Blocking blood flow to organs is also one of the main risks during a crisis and usually causes collective tissue damage leading to a shortened life span (although modern treatments have greatly improved this negative prognosis).

To be sickle cell anemia, it is enough that one of the parents suffers from this disease. However, this does not mean that the person will have to deal with the unpleasant symptoms of anemia, because both alleles of the hemoglobin gene must be mutated to suffer the effects of the disease all the time. If only one allele is mutated and the other is normal, the body will use both healthy and diseased blood cells.

The normal copy is able to produce over 50% of the required hemoglobin in carriers and symptoms of sickle cell anemia may not be experienced for life unless a "triggering" situation occurs. These include prolonged lack of oxygen (such as at high altitudes) and dehydration.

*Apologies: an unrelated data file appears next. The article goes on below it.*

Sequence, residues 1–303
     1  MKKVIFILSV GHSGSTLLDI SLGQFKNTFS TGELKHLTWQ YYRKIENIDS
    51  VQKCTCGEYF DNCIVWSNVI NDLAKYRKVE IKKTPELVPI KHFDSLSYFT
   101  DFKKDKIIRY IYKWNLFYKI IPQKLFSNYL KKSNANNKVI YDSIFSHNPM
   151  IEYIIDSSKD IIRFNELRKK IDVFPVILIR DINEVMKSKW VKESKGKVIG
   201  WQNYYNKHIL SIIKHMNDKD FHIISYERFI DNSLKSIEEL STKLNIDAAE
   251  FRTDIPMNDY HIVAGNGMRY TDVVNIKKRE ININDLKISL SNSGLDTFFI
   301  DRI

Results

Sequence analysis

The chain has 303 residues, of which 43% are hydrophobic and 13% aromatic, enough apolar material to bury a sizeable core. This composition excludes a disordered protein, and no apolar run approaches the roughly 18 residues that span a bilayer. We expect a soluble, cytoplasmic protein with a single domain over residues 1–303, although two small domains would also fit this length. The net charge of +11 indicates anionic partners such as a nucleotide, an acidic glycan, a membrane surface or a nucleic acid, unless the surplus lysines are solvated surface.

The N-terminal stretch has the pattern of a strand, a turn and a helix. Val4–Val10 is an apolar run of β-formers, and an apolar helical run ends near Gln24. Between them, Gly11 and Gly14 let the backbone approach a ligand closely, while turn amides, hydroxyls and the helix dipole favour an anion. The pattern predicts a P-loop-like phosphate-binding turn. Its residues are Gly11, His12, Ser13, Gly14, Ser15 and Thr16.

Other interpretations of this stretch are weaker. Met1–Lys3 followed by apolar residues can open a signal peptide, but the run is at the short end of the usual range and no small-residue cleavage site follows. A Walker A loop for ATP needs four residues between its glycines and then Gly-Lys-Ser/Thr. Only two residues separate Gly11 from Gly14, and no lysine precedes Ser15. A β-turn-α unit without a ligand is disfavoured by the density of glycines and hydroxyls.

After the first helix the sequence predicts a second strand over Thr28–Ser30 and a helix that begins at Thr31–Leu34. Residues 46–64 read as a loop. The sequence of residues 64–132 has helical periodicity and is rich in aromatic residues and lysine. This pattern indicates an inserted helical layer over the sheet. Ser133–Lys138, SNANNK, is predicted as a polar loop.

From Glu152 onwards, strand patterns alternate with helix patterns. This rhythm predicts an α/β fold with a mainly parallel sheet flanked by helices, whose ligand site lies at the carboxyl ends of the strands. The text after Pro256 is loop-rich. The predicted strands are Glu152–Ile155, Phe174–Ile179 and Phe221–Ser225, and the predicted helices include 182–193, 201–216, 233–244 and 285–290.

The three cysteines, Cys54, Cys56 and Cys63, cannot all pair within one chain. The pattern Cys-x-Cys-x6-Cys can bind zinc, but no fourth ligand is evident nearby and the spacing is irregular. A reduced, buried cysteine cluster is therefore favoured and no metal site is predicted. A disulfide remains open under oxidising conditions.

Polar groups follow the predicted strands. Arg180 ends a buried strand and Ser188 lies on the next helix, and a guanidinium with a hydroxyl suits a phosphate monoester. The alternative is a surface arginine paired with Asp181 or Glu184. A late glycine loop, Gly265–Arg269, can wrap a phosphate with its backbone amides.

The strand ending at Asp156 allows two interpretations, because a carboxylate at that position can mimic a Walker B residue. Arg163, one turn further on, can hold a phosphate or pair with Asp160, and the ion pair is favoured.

The most common symptoms of sickle cell anemia include:

    Red blood cell deficiency, anemia. Seizures of pain - occur when mutated blood cells block access to the circulatory system. Swelling of the hands and feet. Impairment, damage or inflammation of internal organs, which can lead to frequent infections. Slowed growth and delayed puberty. Problems with vision. Risk of stroke.

What are the treatment options for patients with sickle cell anemia?

There are several ways to manage and control the various symptoms of anemia.